A sewage authority in New Jersey will use electricity from a nearby power plant in exchange for treated wastewater that will be used to cool the generation plant, allowing the wastewater plant to operate independently of the regional power grid.
The Camden County Municipal Utiliites Authority (CCMUA) and Covanta Camden Energy Recovery Center are forming what is being termed a “sustainability loop” is part of a multi-year project to reduce energy costs and to convert its Delaware River waterfront facility to renewable energy.
According to govtech.com, the Camden project was among 13 “microgrid” projects that received funding for feasibility studies in June from the New Jersey Board of Public Utilities. CCMUA received $150,000 of more than $2 million distributed for the projects.
“This project will not only help the environment and get the CCMUA off the grid, but it will also save about $600,000 in annual electricity costs,” Camden County Freeholder Jeff Nash told govtech.com.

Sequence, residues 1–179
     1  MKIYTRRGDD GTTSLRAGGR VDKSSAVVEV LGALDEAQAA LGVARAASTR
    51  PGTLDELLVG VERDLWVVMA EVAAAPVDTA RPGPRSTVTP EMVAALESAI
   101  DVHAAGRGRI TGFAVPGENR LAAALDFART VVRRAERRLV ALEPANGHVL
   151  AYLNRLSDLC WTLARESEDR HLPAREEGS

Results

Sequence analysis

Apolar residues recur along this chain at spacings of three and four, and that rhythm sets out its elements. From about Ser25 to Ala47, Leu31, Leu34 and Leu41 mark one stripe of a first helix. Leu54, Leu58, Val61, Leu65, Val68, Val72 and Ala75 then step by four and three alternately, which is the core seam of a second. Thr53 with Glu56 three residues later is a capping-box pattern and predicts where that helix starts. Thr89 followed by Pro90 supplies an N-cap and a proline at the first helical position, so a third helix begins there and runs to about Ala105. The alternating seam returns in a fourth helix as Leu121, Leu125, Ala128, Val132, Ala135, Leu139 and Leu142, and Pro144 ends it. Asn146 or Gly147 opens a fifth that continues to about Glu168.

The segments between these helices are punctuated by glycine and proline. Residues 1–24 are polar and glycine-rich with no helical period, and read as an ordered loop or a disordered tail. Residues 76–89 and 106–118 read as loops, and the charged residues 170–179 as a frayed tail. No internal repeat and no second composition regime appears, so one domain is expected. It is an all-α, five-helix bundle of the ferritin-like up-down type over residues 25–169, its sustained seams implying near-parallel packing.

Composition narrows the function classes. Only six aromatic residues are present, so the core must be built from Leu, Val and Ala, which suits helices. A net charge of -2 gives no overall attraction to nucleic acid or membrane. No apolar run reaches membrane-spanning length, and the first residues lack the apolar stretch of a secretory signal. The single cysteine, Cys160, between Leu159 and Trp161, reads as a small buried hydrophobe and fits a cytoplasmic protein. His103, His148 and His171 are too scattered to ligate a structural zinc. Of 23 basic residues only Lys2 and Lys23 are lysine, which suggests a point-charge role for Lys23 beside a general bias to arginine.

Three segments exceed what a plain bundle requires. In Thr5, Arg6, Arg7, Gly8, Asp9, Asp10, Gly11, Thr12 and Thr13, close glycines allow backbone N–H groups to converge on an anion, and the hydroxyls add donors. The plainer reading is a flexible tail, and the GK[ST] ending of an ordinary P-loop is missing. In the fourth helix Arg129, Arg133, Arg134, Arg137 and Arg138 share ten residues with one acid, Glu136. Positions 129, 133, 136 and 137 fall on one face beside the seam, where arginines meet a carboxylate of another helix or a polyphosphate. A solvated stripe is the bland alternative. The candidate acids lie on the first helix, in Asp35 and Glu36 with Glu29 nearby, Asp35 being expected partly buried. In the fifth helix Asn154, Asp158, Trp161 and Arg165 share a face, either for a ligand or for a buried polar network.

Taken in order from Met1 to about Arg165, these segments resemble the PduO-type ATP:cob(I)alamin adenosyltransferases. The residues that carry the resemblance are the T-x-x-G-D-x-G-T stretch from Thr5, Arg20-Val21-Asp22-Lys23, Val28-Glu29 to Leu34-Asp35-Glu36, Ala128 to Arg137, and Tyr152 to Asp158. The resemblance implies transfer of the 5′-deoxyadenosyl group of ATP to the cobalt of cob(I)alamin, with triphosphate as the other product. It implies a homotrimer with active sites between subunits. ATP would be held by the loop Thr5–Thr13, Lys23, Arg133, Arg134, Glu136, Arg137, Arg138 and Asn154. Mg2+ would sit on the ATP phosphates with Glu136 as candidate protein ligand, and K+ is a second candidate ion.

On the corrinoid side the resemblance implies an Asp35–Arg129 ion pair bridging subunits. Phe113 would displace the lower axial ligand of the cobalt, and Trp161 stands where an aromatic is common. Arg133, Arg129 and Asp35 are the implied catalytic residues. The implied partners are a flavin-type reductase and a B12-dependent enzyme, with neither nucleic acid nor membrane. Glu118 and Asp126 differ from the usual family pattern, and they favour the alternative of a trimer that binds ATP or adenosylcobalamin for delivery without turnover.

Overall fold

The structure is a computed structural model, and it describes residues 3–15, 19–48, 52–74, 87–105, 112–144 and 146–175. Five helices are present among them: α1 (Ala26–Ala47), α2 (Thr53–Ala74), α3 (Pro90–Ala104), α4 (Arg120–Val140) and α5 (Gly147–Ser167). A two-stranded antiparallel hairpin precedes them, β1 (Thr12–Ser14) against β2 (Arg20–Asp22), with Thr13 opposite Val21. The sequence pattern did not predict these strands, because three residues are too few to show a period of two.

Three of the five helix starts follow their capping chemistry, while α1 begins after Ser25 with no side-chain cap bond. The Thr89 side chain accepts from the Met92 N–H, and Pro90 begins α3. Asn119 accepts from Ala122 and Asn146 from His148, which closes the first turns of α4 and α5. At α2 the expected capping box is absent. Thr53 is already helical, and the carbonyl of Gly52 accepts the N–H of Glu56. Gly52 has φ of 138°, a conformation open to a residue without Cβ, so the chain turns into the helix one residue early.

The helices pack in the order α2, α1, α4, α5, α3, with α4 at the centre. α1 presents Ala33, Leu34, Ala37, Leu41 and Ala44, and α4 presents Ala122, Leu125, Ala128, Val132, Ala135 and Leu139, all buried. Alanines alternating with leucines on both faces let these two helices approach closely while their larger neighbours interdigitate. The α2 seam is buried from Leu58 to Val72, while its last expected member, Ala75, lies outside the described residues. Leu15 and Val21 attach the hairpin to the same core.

Camden County, located in the southwestern part of the state, treats 58 million gallons of sewage daily at their plant for a population of about half a million, the CCMUA website says. The deal with Covanta is part of a larger plan to get the sewage treatment facility off the power grid. In addition to solar panels that have already been installed, the county plans to add $30 million biogas digesters, the Courier-Post reported.
A feasibility study for construction of the underground lines needed to deliver wastewater and power is set to be completed next year, the Inquirer reported. The community microgrid project received $150,000 in feasibility study funding from the New Jersey Board of Public Utilities in June. Kricun said publicly that he expects the new lines between the plants to go online in 2019.